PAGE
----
DF: I just finished a commercial promoting uranium mining in Virginia. I filmed 4 spots and 5 voice-overs, which will start airing soon. Last fall, I filmed a very nice historical movie – Alone Yet Not Alone, based on a true story and book, set during the French and Indian War. I portrayed a french scout who shot the main villain, with a flintlock musket at night. They liked the job I did so much, they brought me back as General Braddock’s valet. I looked totally different thanks to a wig and makeup and I can be seen in the trailer in this part. Last fall, I also filmed an Anthem Blue Cross commercial, as well as a Southern States commercial. In addition, I was a high school principal in a Darden School of Business training video. Tomorrow I go to Richmond for my second audition for the movie—Lincoln.

I would like to thank David for taking the time to conduct this interview, and wish him the best of lucking in landing a role in the upcoming Steven Spielberg film about Abraham Lincoln!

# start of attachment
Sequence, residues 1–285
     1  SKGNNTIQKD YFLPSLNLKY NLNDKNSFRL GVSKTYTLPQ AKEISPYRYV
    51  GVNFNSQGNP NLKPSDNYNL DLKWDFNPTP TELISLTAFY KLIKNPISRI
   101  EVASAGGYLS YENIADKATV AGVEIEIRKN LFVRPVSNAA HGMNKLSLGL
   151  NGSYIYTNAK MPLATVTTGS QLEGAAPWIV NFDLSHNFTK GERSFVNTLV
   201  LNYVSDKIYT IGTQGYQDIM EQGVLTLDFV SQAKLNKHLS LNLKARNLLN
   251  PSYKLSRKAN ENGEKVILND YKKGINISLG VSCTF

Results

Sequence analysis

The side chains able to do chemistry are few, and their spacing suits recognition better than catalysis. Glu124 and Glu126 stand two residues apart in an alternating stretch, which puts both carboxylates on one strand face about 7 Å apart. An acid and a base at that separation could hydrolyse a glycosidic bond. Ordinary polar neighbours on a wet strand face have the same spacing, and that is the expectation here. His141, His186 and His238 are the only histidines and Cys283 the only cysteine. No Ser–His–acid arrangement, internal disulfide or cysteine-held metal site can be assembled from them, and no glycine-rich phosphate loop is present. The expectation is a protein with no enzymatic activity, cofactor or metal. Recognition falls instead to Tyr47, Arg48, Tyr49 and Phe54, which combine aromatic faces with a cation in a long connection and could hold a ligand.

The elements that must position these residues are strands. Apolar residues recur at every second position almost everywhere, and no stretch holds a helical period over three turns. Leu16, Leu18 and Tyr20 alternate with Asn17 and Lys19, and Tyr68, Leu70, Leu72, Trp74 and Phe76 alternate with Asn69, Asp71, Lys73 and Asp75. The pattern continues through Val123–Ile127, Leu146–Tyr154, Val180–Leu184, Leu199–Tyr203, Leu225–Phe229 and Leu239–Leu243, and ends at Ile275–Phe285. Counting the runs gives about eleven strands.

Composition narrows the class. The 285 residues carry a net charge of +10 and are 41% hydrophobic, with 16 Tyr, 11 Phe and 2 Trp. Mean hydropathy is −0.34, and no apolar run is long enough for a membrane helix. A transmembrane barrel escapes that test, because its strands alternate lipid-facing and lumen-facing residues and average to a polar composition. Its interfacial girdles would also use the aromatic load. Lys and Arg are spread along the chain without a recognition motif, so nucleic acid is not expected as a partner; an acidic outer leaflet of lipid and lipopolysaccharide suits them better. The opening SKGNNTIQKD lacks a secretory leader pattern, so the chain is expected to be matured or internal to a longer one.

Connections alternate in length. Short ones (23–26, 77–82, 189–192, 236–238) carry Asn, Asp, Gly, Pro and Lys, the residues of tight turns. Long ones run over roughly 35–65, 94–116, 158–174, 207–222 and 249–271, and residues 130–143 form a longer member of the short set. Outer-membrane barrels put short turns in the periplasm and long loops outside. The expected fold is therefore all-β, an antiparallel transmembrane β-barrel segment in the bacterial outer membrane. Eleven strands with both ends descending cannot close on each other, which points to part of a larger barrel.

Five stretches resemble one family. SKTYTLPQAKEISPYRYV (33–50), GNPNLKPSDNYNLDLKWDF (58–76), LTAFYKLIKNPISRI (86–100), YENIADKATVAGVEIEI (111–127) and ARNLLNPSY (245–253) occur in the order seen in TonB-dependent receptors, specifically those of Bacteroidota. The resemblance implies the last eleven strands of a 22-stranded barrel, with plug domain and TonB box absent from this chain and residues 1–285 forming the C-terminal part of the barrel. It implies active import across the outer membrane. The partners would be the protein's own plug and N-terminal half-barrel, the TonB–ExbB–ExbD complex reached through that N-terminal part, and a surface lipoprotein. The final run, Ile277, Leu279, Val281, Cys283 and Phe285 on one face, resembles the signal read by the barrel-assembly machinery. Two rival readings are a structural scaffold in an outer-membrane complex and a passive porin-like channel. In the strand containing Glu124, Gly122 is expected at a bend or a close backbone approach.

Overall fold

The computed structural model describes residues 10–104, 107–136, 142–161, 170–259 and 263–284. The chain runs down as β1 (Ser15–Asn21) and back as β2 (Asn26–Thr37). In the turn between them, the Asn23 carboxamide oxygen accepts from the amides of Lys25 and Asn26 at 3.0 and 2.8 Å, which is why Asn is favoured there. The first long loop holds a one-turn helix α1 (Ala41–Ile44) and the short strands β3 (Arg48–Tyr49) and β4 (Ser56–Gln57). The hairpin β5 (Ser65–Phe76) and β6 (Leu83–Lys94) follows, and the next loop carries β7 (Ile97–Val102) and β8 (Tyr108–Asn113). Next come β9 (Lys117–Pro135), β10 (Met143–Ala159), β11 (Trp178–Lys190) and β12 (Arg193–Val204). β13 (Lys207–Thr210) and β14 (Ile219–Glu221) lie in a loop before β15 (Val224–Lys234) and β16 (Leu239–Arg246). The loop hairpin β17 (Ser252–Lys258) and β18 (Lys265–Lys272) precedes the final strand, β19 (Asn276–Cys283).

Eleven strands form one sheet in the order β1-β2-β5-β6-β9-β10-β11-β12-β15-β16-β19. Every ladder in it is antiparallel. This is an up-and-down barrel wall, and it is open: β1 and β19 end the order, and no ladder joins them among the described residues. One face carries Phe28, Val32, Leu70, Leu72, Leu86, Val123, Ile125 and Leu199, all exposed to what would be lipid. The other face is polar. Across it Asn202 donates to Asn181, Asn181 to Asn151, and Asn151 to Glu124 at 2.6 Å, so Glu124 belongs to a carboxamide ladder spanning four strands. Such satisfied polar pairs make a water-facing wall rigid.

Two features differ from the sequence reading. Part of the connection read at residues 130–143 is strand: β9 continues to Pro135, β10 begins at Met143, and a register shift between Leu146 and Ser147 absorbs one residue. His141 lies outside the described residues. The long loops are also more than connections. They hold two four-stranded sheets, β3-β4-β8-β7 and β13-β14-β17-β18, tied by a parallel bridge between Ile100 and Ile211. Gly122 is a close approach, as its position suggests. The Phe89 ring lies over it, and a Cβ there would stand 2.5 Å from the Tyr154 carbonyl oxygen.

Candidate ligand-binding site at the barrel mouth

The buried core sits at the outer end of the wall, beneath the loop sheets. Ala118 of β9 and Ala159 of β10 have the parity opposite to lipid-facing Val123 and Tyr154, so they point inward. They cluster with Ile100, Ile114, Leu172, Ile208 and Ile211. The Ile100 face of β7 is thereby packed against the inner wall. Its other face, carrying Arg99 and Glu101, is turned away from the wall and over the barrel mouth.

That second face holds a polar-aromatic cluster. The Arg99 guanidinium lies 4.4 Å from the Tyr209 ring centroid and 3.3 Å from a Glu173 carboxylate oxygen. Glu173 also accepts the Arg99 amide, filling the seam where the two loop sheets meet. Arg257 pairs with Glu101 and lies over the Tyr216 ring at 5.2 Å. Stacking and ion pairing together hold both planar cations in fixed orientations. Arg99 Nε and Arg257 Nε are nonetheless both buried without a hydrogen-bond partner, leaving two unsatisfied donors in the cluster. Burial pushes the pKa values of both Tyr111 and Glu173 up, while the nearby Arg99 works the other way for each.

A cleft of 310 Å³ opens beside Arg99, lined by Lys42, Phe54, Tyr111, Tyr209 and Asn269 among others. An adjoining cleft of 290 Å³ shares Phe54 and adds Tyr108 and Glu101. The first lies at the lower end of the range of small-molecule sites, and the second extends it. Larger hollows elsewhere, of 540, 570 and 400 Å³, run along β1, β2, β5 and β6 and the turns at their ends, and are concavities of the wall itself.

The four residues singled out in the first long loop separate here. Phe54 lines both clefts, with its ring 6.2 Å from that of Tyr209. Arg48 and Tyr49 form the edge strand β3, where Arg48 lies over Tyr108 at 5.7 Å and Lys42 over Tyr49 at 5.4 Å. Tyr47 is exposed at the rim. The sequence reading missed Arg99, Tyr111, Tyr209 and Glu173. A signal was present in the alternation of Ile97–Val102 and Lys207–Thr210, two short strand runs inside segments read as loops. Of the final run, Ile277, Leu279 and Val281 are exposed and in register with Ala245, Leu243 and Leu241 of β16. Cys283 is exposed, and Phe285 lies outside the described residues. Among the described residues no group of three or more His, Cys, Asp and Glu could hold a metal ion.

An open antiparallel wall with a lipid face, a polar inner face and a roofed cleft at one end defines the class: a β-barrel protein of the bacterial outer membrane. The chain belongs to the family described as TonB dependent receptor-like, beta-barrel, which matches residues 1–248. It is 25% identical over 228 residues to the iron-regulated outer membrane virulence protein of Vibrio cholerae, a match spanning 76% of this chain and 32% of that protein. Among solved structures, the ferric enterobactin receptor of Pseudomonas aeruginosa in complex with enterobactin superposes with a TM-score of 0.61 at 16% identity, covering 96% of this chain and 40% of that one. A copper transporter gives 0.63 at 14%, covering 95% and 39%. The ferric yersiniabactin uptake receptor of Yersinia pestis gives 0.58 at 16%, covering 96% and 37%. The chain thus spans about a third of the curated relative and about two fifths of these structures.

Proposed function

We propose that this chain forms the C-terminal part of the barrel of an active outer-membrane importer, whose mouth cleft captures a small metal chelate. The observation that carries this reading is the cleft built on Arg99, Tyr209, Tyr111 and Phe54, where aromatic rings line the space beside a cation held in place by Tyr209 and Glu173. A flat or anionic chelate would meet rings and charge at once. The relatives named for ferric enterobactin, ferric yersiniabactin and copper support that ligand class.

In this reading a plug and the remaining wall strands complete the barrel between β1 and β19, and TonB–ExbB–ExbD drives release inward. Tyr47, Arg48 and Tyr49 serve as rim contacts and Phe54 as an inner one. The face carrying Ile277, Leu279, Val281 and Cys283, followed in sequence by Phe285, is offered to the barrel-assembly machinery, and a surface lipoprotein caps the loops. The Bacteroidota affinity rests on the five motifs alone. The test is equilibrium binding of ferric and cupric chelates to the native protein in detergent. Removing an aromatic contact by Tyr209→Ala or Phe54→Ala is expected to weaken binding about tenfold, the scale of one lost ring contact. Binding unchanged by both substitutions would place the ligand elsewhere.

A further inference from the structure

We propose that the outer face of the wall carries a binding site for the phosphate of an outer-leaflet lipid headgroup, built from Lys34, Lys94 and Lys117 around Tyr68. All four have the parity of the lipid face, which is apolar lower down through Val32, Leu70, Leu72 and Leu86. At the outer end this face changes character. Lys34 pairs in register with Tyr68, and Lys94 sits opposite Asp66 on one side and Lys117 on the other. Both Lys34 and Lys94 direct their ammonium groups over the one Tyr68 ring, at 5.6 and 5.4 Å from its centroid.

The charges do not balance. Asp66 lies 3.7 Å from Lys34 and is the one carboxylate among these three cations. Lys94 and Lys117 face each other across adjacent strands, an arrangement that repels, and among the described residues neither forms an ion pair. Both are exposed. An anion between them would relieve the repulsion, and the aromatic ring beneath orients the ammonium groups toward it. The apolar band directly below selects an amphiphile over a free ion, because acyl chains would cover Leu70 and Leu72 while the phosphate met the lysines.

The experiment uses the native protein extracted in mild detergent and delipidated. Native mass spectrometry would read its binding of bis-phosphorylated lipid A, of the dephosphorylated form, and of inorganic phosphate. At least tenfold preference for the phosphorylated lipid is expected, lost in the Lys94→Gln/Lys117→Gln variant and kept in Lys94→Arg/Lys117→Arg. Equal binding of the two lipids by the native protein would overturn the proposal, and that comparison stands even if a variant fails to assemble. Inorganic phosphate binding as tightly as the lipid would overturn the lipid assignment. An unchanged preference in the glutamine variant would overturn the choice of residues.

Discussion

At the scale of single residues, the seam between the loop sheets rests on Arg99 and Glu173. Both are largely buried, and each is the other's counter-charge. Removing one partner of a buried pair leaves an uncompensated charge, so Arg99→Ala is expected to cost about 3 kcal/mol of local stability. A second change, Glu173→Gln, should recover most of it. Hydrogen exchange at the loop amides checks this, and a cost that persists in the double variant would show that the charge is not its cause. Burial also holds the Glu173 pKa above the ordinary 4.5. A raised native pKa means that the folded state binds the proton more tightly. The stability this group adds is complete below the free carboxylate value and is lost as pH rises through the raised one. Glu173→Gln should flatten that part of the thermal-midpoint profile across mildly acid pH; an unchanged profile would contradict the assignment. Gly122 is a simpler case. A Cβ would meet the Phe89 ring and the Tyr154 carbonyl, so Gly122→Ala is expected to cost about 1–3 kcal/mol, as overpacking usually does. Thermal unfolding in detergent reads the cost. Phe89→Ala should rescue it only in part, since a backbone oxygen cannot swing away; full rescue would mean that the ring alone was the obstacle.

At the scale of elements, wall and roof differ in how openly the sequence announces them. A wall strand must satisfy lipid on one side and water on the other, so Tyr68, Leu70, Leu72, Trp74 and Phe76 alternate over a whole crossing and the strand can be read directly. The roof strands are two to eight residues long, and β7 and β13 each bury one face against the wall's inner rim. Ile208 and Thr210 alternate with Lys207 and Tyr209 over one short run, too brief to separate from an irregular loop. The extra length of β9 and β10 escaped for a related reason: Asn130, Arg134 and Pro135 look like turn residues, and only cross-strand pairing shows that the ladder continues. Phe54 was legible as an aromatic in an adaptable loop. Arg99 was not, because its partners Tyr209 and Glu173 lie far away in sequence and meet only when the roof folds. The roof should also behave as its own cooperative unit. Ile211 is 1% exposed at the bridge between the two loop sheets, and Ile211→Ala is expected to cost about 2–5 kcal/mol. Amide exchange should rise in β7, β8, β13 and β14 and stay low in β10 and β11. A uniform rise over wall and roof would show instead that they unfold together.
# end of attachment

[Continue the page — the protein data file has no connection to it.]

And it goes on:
Advertisements

3 thoughts on “Interview with Film and Television Actor David Foster

  1. Steven

    Excellent interview, Greg! Mr. Foster’s brief screen time in the film was great. I’ll have to re-watch “The Village,” as even though the film wasn’t considered Night’s best, I liked it. Hope he gets a part in Spielberg’s “Lincoln.” That’s looking to be an awesome film. God bless!

Leave a Reply

Fill in your details below or click an icon to log in:

WordPress.com Logo

You are commenting using your WordPress.com account. Log Out / Change )

Twitter picture

You are commenting using your Twitter account. Log Out / Change )

Facebook photo

You are commenting using your Facebook account. Log Out / Change )

Google+ photo

You are commenting using your Google+ account. Log Out / Change )

Connecting to %s